Cork is soft – its Janka hardness rating is 200, harder than balsa but softer than pine. But cork is so different in character that it’s not entirely comparable. For example, cork actually has the ability to spring back and “heal” a cut so that you later can’t find it!
For this reason, you should pay attention to the durability of the coating on top of the cork. The wear finish on a cork floor may either be applied at the factory or in your home, and it’s usually varnish, oil or sealer that is hardened with ultraviolet light.
Cork is not a good choice for bathrooms because it will buckle when exposed to too much water. In addition, the darker shades can be prone to fading, particularly in sunny areas.
The Fine Green Print
The question of sustainability is always complex, and although I have extolled many of cork’s green virtues above, there is one notable drawback. The cork we buy must be shipped across the ocean, making for a large carbon footprint.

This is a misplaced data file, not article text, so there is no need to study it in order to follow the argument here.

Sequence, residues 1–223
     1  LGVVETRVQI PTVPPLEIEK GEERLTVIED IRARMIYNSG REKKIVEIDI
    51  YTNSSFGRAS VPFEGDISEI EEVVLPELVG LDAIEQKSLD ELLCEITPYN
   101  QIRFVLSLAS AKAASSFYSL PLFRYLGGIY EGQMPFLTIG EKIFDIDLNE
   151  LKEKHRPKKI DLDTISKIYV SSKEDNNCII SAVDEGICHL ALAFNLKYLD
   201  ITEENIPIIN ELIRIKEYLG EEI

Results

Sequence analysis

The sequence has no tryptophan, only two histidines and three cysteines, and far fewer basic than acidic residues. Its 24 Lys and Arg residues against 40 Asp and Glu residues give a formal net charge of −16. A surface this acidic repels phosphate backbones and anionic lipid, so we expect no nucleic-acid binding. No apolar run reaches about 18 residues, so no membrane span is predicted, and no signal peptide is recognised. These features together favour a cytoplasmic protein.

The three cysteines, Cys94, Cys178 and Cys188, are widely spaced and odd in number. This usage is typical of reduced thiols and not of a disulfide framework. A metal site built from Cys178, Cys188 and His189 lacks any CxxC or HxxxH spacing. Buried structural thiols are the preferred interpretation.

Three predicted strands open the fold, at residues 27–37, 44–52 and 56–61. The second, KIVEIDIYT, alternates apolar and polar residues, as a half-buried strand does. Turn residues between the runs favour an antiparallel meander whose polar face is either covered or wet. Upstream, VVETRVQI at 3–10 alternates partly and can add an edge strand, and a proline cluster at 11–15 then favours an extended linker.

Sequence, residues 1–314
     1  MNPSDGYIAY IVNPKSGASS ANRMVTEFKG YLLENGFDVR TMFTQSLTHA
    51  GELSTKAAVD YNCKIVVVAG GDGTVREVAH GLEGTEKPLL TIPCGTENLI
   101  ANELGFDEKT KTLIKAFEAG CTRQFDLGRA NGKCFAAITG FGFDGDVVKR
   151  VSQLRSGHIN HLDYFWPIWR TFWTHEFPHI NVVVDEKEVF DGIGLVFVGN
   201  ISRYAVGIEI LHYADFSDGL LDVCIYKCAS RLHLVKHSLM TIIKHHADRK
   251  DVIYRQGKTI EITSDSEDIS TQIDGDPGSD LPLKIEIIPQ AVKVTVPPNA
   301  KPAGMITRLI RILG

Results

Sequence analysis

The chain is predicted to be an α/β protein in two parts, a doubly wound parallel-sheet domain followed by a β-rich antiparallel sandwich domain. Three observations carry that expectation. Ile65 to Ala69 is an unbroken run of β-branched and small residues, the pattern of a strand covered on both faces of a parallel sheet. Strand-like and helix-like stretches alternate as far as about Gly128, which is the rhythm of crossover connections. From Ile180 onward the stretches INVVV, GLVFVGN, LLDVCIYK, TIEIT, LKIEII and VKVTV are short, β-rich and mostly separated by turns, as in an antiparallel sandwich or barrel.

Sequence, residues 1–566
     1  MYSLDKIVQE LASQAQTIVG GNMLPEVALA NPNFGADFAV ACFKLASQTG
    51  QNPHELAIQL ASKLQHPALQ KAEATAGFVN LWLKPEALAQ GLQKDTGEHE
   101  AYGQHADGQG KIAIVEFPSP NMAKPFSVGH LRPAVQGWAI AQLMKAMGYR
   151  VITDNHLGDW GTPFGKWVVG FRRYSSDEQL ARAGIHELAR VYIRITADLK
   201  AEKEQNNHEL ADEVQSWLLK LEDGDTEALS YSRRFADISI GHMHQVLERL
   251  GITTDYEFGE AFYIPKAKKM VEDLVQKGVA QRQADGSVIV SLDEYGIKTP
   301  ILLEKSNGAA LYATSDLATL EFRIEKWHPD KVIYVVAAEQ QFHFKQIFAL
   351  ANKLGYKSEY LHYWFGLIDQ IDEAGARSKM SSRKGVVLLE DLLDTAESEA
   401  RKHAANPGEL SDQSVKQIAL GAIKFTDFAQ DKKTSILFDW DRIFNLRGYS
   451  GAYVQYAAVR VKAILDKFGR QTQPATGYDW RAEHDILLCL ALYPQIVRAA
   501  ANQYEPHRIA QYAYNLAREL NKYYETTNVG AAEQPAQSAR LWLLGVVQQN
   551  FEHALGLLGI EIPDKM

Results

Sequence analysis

The processing of cork is fairly simple. Cork sheets or pieces are cured, boiled and pressed. Scraps are collected for reuse, so almost nothing is wasted.
But toxics can definitely come in to the equation! Some cork flooring is made with binders, finishes or substrates that contain carcinogens. I would avoid cork composition floors because cork is sometimes combined with Polyvinyl Chloride (PVC) to make a resilient flooring that looks like linoleum. But while linoleum is a green material, vinyl is not! The vinyl manufacturing process may hazardous byproducts and the disposal may leach toxins into the environment. (The U.S. Green Building Council has acknowledged “strong environmental and human health concerns” with vinyl.)